Wednesday, 23 September 2015
It is National Seed Gathering Season from 23 September until 23rd October. The Tree council want us to get involved and gather seeds, fruits and nuts to grow the trees of the future. The idea of helping grow the trees from seed made me think about the trees that are already really, really big. How old is an old tree, and why are they important?
Trees are probably the oldest things in your garden. The first ever Bramley apple tree is still alive and producing fruit even though it is more than 200 years old. Cherry trees are old when they’re 150 years old. But yew trees are only old when the have their 1000th birthday and they can live to an amazing 4000 years. That’s even older than Daddy!
So, what’s so important about ancient trees? Well, they’ve been around for so long that they’ve seen huge changes to the landscape around them, the wildlife that live in/beside them and they help keep a living record of how we managed and maintained trees and the countryside in the past. They also have loads of nooks and crannies and dead/decaying wood that wildlife loves to live in. Bats, squirrels and badgers all make use of trees in some way. Kestrels live inside the hollow cavities of ancient trees and feed on titmice that come to eat the foliage of the trees. Woodpeckers break into the decaying wood on ancient trees in search of some of the 1700 types of insects that need decaying wood to live. And lots of rare fungi live on decaying wood or in the roots of large trees. Someone even brainier than me called Sir David Attenborough says:
“Ancient trees are precious. There is little else on Earth that plays host to such a rich community of life within a single living organism.”
The UK is of special importance within Europe as we have so many ancient trees here whereas they haven’t survived as well in other countries. There are several reasons why. Lots of them have been in royal forests that have been well maintained by royalty for hundreds of years. Some of them provided fuel and food so it was really important that they were properly looked after so the supplies did not run out. When public parks were created over a hundred years ago it was often thought that large trees made the park look more respectable so the parks were planned around them. Old trees such as yews in churchyards are very special to some people and thought of as sacred.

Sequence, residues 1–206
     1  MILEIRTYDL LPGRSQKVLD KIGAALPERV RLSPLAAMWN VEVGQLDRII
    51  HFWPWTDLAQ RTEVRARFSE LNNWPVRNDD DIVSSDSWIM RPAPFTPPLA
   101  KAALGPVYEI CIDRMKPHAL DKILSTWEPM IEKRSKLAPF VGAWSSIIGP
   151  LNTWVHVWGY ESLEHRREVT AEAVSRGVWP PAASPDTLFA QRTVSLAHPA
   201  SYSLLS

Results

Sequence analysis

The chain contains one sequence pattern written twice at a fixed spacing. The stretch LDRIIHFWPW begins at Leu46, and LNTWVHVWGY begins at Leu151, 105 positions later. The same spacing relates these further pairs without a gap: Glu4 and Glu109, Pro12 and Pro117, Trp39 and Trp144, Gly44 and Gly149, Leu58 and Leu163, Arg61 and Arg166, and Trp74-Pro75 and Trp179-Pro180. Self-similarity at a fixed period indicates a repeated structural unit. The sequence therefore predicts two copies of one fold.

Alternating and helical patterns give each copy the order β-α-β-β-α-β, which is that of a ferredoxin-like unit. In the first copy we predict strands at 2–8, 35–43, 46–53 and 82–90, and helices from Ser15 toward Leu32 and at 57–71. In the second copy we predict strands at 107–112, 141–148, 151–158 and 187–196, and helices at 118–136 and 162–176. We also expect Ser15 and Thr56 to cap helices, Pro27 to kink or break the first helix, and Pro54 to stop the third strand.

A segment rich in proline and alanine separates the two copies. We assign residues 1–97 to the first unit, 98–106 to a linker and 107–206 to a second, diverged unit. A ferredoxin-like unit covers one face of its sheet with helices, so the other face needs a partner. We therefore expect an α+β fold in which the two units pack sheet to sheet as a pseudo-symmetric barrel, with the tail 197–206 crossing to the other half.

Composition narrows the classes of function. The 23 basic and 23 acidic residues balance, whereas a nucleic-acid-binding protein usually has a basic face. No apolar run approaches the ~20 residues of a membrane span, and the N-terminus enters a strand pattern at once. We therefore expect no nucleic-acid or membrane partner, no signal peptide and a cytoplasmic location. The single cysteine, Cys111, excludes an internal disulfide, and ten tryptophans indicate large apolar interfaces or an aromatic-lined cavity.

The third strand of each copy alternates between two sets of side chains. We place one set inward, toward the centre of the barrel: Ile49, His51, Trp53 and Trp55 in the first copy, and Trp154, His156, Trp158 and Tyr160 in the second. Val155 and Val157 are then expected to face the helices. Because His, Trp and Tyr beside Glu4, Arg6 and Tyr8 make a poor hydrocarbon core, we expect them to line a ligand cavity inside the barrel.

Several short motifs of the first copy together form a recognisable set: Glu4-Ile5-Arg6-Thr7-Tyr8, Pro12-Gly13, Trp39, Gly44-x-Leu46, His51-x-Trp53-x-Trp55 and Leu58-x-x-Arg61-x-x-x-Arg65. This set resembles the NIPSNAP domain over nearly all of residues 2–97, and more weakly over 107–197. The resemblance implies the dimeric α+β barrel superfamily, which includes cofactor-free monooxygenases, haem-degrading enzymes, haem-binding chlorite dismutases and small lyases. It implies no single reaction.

There are some really, really big trees on the Woodland Trust’s interactive map. It’s a great way to find out what ancient trees you can go and see near you. Even better, if you know of any ancient trees not on the map you can tell the Woodland Trust abut any whoppers you’ve found. The Fortingall Yew in Scotland in the village of Fortinghall near Aberfeldy is 5000 years old. It’s not only the oldest tree in the UK but it is probably the oldest living thing in Europe. It is harder to find the oldest tree in the world as the USA forest service keeps its location a secret so that nobody damages it. It is also around 5000 years old.
Ancient trees are really, really wide but not always the tallest. That’s because they shrink a bit as they get older, a bit like old men and ladies! If lots of the following descriptions seem right for the tree that you’ve found then it is probably ancient:
Measure with a hug! A hug is based on the finger tip to finger tip measurement of an adult and it is normally about 1.5m. That means you can get your Mummy or Daddy to measure a tree even if you’ve forgotten your tape measure! The Woodland Trust has this handy guide for measurements of different trees that could be ancient:
Oak – 3 adult hugs
Beech – 2 adult hugs
Scots Pine– 1 adult hug
Rowan – one adult hug
Birch – a wrist hug
Hawthorn – an elbow hug
Cedar of Lebanon – 4 adult hugs
Field Maple – 1 adult hug
Sweet Chestnut – 4 adult hugs
Ash – 2 adult hugs
The worlds tallest tree is a 115m tall redwood in California. See its height being measured here.
Hopefully you now want to have a go at growing the ancient trees of the future. Remember that growing seeds from local trees helps our native species out. These are trees that have learned how to cope with our local weather and soil so are most likely to survive if we plant them.
Happy seed gathering and planting!